02 Apr 2020
Prime Minister, Minister for Education
Around one million families are set to receive free child care during the coronavirus pandemic under a plan from the Morrison Government that will help deliver hip pocket relief and help the early childhood education and care sector make it through to the other side of this crisis.
Under the plan, the Government will pay 50 per cent of the sector’s fee revenue up to the existing hourly rate cap based on a point in time before parents started withdrawing their children in large numbers, but only so long as services remain open and do not charge families for care. The funding will apply from 6 April based on the number of children who were in care during the fortnight leading into 2 March, whether or not they are attending services.
Prime Minister Scott Morrison said the plan supports families while also ensuring as many of the sector’s 13,000 child care and early learning services as possible could keep their doors open for workers and vulnerable families who need those services.
The plan provides funding certainty to early childhood education and care services at a time where enrolments and attendance are highly unpredictable. This, along with the JobKeeper payment, means services can offer free education and care.
“Relief is on its way for around a million Australian families and thousands of early learning educators and carers,” the Prime Minister said.
“These services are vital for so many parents so they can provide for their family, and children need as much familiarity and continuity as we can help provide at this unsettling time. Priority will be given to working parents, vulnerable and disadvantaged children that need early education more than ever and parents with pre-existing enrolments.
“This plan complements more than $1 billion we expect the sector to receive through our new JobKeeper payment to help ensure many of the 200,000 vital early education workforce can stay connected to services.
“It means building a bridge for these valuable services to the other side of this virus so they can continue to play their valuable role in our workforce and education systems and so Australia can bounce back strongly.”
The plan means the sector is expected to receive $1.6 billion over the coming three months from taxpayer subsidies because of the March 2 baseline that has been set, compared to an estimated $1.3 billion if current revenues and subsidies had continued based on the existing system and the significant reduction of enrolments the sector has seen.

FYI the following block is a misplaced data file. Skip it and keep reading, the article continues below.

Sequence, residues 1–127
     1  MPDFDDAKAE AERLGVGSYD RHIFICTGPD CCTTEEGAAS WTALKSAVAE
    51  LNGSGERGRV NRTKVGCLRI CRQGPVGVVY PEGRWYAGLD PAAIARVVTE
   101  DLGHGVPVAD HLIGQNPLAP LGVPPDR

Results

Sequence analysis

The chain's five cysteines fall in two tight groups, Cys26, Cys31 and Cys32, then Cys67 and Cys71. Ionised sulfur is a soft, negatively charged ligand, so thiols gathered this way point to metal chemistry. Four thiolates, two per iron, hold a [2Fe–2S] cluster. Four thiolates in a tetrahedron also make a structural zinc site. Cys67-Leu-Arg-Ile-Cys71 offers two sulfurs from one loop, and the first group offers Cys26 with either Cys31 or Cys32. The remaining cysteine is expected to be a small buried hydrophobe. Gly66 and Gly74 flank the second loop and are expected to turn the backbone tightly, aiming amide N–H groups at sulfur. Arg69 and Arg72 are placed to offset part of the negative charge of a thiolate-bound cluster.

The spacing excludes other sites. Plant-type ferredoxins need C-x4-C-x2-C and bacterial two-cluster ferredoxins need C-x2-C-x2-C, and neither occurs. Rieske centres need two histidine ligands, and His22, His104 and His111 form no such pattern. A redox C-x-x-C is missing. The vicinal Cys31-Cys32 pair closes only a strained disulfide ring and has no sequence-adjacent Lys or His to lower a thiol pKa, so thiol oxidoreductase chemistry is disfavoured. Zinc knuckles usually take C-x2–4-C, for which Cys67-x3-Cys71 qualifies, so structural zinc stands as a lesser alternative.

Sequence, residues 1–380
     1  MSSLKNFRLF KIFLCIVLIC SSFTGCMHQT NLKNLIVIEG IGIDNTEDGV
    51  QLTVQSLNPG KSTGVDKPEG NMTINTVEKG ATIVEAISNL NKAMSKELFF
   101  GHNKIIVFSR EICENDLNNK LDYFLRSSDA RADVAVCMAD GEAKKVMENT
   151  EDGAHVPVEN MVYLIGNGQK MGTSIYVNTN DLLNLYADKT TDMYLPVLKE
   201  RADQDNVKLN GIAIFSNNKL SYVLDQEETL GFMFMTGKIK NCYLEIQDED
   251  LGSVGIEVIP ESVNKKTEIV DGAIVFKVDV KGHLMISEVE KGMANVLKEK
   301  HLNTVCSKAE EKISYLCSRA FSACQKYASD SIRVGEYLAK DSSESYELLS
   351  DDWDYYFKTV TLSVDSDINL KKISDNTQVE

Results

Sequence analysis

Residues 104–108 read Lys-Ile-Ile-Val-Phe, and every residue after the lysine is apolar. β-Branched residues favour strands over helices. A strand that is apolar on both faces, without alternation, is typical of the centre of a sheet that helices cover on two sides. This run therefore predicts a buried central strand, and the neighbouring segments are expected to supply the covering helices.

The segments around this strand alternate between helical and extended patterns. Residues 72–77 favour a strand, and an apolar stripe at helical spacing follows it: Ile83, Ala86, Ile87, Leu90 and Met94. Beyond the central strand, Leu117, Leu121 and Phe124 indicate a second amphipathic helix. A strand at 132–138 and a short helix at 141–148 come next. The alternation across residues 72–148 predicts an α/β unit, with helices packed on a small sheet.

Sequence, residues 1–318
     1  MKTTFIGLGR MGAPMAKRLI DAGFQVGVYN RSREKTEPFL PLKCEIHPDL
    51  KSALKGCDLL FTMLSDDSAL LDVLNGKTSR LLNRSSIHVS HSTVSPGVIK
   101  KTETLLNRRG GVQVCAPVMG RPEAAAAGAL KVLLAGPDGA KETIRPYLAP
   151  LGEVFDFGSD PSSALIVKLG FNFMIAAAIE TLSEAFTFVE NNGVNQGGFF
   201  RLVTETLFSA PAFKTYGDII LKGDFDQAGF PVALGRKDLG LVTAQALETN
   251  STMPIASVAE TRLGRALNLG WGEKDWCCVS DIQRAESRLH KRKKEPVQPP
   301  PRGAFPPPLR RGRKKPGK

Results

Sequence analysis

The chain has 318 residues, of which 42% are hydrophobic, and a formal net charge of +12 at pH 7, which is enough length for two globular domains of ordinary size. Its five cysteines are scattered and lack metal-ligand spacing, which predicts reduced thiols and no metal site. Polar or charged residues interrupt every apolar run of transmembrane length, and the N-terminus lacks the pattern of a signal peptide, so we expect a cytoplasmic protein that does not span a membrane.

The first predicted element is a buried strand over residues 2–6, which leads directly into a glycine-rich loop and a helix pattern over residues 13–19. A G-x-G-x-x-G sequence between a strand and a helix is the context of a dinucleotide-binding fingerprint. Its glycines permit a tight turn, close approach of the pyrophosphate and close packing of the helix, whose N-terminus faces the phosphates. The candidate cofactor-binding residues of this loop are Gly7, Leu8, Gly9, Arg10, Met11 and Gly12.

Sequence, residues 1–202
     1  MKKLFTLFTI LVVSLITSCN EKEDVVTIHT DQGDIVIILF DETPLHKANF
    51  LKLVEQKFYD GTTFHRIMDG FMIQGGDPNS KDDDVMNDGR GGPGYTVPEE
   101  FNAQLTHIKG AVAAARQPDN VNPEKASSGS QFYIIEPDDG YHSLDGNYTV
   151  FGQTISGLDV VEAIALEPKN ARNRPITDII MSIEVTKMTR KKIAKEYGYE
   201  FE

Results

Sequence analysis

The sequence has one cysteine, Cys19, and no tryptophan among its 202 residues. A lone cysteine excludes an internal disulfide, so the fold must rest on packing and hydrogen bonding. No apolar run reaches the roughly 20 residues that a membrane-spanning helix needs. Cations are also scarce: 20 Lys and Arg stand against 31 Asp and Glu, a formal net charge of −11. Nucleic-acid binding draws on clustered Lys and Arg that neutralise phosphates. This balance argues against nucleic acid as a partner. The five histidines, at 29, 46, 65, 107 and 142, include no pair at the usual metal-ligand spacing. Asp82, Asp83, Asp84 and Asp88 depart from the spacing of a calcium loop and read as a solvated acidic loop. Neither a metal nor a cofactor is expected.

The new system will see payments start flowing at the end of next week. The system will be reviewed after one month, with an extension to be considered after three months. The payments will be paid in lieu of the Child Care (CCS) and Additional Child Care Subsidy payments.
Minister for Education Dan Tehan said the assistance package would ensure services remained open to serve families that needed to work and to support vulnerable children.
“The Federal Government is working with states and territories and the sector to minimise the impact of coronavirus,” Mr Tehan said.
“The states and territories are looking at how to reduce the regulatory burden on the child care services which will further help them to remain viable. The Education Council of the country’s education ministers as well as National Cabinet will address regulation this week.
“This package will help support families during these difficult times, particularly those who have lost their job and are doing it tough.
Until the payments arrive, we are allowing services to waive gap fees for families who keep their children home, and families will be able to use the 20 extra absence days the government has funded for coronavirus related reasons without giving up their place in a child care centre.
“If you have terminated your enrolment since 17 February, then I encourage you to get back in contact with your centre and re-start your arrangements. Re-starting your enrolment will not require you to send your child to child care and it certainly won’t require you to pay a gap fee. Re-starting your enrolment will, however, hold your place for that point in time when things start to normalise, and you are ready to take your child back to their centre.”
“We will also make payments of higher amounts available in exceptional circumstances, such as where greater funding is required to meet the needs of emergency workers or vulnerable children.
“The Government is also providing certainty to the preschool sector in recognition of its importance to a student’s formal education.”
The Morrison Government will also provide $453.2 million for preschools in 2021 to support almost 350,000 children to attend preschool. The funding injection comes on top of the $3.2 billion the government has delivered for preschool education since 2014.
There is a range of government assistance available to early learning and child care operators. Most services operate as small businesses, with 79.9 per cent of providers operating a single service, while 95.9 per cent operating fewer than five. The available assistance includes:
- The $130 billion JobKeeper payment
- A cash flow boost of at least $20,000 and up to $100,000 with payments equal to 100 per cent of businesses’ and not-for-profits’ salary and wages withheld
- Loan guarantees so businesses can get working capital
National Cabinet is also considering short-term intervention for commercial tenancy arrangements.
Child care services seeking health and situation information about COVID-19 should contact the 24/7 National Coronavirus Health Information Line on 1800 020 080. Information is also available from https://www.dese.gov.au/news/coronavirus-covid-19